Aandhi, Angoor, and Ijaazat – the titles of three classical films by the great writer, poet and filmmaker Gulzar – are now the subject of a trilogy just published by HarperCollins India. Two of the writers, Sathya Saran and Saba Bashir, are from India. It is fitting that the author of the third, “Gulzar’s Ijaazat” is Mira Hashmi from Lahore, Pakistan.
Gulzar has consistently and openly called for peace and good relations between the two countries, and expressed his longing to freely visit Pakistan, where his birthplace and beloved native village Dina lie, not far from Lahore.
The book launch at the Nehru Centre in Mumbai on 3 May 2019 included a discussion with the authors and Gulzar, moderated by Udayan Mitra of HarperCollins India. Unfortunately, ongoing tensions between India and Pakistan precluded Hashmi from obtaining a visa and attending the launch.
From her home in Lahore, Mira Hashmi recorded a brief video for the event at the organiser’s request. Reading out her written statement in Urdu, she movingly recounts how she traveled to Mumbai in the monsoon season of 2015 to meet with Gulzar and spend a few hours with him.
How the opportunity came her way, she doesn’t know – perhaps the desire buried deep in her heart reached the ears of some god or goddess. She shares the magic that Mumbai has always held for her, and her great sadness at not being present at the event. The only granddaughter of the great poet Faiz Ahmed Faiz clearly also has a poetic streak.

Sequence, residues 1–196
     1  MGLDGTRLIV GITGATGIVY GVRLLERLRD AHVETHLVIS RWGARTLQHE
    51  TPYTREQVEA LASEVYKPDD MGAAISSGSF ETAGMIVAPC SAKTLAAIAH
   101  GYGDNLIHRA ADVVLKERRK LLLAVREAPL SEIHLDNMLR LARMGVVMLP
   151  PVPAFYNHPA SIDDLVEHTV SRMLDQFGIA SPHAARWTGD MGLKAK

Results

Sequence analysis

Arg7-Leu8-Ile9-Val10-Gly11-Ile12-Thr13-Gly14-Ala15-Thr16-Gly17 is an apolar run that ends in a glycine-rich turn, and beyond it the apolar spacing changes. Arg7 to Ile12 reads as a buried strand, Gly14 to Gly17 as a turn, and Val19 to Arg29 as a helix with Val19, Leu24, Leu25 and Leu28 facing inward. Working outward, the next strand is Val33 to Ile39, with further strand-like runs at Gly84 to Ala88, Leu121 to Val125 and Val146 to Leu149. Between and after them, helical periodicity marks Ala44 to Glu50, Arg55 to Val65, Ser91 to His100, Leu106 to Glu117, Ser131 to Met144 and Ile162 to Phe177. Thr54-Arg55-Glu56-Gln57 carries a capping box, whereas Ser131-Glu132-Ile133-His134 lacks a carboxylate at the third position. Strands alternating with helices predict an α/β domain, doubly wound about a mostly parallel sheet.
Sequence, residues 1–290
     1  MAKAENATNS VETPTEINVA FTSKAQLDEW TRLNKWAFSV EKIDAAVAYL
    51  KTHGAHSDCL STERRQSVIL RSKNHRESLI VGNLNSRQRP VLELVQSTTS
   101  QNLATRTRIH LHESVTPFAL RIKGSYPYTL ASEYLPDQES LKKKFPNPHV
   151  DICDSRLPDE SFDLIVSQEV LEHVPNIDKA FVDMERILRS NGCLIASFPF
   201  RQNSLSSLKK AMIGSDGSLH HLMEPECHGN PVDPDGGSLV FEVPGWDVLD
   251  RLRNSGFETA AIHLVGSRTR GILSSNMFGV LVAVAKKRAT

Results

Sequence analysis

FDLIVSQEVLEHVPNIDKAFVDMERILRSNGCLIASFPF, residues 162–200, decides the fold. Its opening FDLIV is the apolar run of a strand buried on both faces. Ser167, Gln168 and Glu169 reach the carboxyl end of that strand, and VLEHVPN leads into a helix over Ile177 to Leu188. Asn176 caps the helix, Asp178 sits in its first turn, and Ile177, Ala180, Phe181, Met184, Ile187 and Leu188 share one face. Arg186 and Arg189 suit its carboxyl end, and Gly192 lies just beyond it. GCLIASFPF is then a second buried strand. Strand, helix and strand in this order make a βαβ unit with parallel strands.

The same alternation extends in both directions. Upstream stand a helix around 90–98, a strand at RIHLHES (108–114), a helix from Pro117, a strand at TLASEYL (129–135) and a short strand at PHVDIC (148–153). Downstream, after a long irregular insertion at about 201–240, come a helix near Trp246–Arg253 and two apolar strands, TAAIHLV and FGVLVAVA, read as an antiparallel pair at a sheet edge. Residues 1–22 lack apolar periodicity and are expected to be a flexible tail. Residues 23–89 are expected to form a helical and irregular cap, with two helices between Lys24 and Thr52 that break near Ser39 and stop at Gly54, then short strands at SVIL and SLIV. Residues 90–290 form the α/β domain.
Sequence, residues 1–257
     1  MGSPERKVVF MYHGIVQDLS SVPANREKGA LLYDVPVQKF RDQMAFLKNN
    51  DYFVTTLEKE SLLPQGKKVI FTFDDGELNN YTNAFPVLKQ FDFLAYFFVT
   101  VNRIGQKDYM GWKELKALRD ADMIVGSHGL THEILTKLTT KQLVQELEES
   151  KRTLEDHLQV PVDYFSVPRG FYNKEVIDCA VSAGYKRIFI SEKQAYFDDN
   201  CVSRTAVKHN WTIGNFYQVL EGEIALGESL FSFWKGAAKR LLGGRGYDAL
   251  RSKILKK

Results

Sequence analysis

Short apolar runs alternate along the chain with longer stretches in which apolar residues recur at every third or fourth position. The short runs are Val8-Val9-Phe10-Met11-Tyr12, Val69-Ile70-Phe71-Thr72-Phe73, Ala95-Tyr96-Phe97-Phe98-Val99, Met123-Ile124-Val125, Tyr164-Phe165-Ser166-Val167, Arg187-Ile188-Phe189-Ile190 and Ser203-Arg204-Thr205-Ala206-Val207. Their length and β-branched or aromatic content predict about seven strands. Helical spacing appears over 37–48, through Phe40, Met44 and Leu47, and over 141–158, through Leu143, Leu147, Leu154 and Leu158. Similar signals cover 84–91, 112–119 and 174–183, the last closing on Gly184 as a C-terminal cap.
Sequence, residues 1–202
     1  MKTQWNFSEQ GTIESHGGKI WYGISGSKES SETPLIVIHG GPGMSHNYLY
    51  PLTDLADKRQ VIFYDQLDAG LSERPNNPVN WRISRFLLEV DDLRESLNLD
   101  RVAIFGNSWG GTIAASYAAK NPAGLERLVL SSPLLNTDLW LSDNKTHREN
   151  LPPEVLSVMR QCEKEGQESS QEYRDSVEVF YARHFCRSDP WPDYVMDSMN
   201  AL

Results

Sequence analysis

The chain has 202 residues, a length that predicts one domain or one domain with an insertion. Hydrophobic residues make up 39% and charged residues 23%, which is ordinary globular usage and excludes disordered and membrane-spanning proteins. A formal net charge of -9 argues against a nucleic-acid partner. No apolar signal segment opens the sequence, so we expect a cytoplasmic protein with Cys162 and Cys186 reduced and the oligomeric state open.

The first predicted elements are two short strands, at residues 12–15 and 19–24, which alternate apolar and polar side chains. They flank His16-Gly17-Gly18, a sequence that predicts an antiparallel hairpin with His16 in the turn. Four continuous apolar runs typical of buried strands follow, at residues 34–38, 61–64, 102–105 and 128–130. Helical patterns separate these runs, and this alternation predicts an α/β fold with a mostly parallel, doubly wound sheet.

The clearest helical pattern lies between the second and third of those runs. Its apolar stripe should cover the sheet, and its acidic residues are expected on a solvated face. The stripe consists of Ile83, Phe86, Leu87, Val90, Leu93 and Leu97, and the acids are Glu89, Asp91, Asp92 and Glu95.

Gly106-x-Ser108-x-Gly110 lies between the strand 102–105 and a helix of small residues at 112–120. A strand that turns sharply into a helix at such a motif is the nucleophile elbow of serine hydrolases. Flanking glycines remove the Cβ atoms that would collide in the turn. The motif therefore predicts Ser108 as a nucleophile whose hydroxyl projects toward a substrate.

“How strange it is, that as the world gets smaller, distances between us are increasing”, she muses. And perhaps, she suggests, there are some among us who have got addicted to proving their supremacy over the other. She comforts herself with the reminder that one gets angry with those one feels closest to – and “all of you are after all, my own people”
Gulzar made Ijaazat in 1987, a film about lost love and a broken marriage, at a time when action-packed potboilers had replaced the genteel romanticism of yore. Hashmi’s book, available on Amazon, explores why the film continues to endure.
Gulzar’s interpretation of a love triangle in Ijaazat was an evocative exploration of the strength and fragility of human relationships, years ahead of its time. Hashmi’s book “examines that interpretation to show how, thematically, the film was possibly Gulzar’s most daring. It highlights how his skill as a storyteller at once romantic and realistic is exemplified by his complex characters. Contributing to that understanding is how the film s power also derived hugely from its sublime musical score by R.D. Burman. Drawing on Gulzar’s recollections of the making of the film, Mira Hashmi’s book embraces the memory of the love that for the poet wasn’t always the answer, but a part of the question”.
An assistant professor teaching film studies at the Lahore School of Economics, Mira Hashmi has a lifelong passion for cinema. She is a graduate of the Mel Hoppenheim School of Cinema at Concordia University in Montreal and has written about film for various publications for over 25 years, starting with The Frontier Post, Lahore, when she was still a schoolgirl.
— Beena Sarwar